Mark Dion & Julie Mehretu / by Cornelius

On Friday, September 30th, we were privileged enough to meet two of the most famous artists the Drew Contemporary Art Semester has ever had the opportunity to speak with.  The first artist was Mark Dion, who we met at the Natural History Museum, and the second artist was Julie Mehretu, who we met at her Marian Goodman Gallery showing. 

I thought it was very interesting that Mark Dion wanted to meet us at the Natural History Museum because he considered it more of his "studio" than anywhere else. He focused a lot on the dioramas being a source of time travel and that reminded me of how his work frustrates the process of learning directly from the academic dioramas in the museum. Prior to meeting Mark, I had actually been inside one of his installations a year earlier--it was a large birdcage with a tree in the center, riddled with various books (pictured below). It was so cool how interactive it was, much like how he walked with us through the museum and time. His tour around the museum brought my experience I had with his art full circle and it better contextualized inspiration and purpose. Overall, it was a very awesome experience, he was very down to earth and you could tell the passion he had for the exhibits he was showing us.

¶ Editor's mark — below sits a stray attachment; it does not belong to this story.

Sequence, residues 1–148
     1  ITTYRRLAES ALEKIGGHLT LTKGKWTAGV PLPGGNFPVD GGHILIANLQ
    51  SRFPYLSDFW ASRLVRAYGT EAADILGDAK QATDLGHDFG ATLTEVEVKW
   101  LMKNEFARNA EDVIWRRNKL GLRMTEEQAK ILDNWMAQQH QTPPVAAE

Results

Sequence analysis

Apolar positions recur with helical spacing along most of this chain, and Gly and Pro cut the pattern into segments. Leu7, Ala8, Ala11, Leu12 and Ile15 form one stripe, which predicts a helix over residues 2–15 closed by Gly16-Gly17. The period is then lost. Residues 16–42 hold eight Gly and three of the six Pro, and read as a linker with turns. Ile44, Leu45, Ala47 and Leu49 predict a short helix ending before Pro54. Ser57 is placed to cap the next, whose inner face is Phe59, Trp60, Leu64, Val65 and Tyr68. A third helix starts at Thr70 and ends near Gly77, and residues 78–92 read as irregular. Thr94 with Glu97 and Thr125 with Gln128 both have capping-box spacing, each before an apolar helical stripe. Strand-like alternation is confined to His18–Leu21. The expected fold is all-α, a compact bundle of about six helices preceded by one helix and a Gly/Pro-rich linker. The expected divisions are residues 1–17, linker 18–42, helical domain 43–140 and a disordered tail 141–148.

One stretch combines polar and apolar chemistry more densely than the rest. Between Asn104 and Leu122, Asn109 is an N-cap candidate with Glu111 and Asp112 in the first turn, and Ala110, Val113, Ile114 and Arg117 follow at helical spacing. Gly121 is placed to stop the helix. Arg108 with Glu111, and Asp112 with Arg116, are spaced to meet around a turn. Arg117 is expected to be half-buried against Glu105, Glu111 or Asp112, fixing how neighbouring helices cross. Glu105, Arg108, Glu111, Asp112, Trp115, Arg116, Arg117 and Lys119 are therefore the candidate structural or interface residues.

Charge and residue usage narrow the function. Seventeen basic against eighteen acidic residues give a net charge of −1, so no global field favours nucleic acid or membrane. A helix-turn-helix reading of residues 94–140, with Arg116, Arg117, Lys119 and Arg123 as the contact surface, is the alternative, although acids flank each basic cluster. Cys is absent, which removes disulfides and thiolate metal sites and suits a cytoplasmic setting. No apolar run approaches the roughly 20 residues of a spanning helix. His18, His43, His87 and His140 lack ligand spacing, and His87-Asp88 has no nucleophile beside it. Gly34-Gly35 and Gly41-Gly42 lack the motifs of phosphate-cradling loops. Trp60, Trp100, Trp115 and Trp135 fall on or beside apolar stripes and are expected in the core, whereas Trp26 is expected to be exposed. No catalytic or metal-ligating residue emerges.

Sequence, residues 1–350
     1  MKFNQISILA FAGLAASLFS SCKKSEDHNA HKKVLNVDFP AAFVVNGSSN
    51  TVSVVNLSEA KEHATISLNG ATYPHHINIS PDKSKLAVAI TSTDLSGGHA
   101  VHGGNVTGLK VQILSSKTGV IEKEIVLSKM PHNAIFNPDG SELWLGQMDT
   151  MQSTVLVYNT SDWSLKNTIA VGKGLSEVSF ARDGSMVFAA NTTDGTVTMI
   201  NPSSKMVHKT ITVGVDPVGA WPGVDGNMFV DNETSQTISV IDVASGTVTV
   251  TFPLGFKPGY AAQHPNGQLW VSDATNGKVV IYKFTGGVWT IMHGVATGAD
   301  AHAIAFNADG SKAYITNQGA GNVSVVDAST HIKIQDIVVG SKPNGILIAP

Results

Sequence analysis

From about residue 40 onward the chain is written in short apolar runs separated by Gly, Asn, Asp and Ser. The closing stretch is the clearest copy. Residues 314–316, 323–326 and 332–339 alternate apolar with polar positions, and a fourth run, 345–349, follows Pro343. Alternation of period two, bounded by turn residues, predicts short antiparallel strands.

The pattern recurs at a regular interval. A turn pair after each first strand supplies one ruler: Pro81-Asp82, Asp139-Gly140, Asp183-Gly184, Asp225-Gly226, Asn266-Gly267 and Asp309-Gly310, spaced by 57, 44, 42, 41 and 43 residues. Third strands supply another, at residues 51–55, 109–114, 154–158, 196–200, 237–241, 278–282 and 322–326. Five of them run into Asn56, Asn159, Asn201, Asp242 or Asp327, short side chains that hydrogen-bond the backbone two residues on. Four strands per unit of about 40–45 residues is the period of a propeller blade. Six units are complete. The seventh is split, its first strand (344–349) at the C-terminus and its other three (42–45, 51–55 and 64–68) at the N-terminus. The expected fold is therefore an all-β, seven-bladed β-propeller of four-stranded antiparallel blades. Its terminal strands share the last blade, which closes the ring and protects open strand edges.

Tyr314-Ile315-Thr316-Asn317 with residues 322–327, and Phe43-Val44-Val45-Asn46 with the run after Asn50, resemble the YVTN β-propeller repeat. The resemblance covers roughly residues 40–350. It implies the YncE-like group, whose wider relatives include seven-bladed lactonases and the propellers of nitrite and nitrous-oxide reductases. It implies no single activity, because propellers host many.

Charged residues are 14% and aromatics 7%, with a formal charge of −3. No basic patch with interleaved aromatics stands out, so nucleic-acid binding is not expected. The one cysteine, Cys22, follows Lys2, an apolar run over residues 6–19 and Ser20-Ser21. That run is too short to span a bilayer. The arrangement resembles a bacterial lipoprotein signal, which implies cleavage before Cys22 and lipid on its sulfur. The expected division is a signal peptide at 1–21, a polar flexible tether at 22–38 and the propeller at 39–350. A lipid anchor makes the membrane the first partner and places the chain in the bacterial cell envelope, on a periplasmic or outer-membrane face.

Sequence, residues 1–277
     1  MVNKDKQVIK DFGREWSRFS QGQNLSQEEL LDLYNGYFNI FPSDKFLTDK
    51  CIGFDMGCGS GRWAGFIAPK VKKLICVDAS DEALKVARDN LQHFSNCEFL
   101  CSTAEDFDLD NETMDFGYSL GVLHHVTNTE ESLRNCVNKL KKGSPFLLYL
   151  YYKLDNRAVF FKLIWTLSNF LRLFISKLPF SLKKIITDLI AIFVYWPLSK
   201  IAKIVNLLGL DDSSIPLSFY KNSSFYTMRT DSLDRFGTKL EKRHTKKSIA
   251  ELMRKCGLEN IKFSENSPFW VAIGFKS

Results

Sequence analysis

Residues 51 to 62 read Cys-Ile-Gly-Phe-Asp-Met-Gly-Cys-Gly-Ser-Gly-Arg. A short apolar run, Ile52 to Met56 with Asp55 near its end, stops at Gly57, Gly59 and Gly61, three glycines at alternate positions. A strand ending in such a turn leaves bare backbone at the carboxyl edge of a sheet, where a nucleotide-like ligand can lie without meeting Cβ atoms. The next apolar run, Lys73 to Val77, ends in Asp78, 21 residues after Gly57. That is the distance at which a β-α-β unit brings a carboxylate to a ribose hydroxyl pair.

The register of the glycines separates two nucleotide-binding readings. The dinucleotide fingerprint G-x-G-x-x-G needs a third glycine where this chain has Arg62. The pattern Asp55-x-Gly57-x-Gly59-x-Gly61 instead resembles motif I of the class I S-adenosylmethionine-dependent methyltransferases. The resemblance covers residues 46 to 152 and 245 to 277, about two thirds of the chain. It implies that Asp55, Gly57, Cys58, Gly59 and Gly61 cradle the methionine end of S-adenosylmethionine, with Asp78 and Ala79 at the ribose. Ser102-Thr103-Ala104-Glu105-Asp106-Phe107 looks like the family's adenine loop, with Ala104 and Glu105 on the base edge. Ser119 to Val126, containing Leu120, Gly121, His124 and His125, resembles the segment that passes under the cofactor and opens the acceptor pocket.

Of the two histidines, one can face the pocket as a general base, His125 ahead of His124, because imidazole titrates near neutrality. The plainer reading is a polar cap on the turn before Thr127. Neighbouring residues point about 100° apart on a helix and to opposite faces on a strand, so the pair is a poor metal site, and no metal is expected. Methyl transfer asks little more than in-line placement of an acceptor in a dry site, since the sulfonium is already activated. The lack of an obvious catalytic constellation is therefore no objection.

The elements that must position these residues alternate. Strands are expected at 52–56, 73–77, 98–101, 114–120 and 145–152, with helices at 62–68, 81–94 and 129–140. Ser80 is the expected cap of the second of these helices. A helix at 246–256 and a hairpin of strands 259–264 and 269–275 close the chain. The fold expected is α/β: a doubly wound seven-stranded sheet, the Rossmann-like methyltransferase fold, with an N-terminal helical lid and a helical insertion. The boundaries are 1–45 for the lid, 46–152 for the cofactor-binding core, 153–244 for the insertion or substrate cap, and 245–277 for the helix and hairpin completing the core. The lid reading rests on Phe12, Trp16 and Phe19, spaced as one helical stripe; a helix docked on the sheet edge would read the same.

After Mark had to run, we made our way over to Marian Goodman Gallery to talk with Julie Mehretu. She was really cool and her work was even cooler. I loved the way she described the process of her work and how each piece in time influenced the next piece. I never stopped to think about that before, and it was clear that she had spent a lot of time pondering how her work evolves. Of all the pieces in her show, my favorite were the largest ones in the main room. I felt engulfed in the washy gray area trying to find a meaning in it. Recognizable shapes would appear and disappear just as fast as I saw them--her paintings had so much movement embedded in them. I thought it was interesting that she saw these paintings as a small snap shot of something bigger, as if it were just a thumbnail, because I don't typically associate a painting so large as just a small section of something bigger. Regardless, Julie's work is very captivating and I could look at it for hours and frequently find something new; if a painting can do that, its a winner in my book!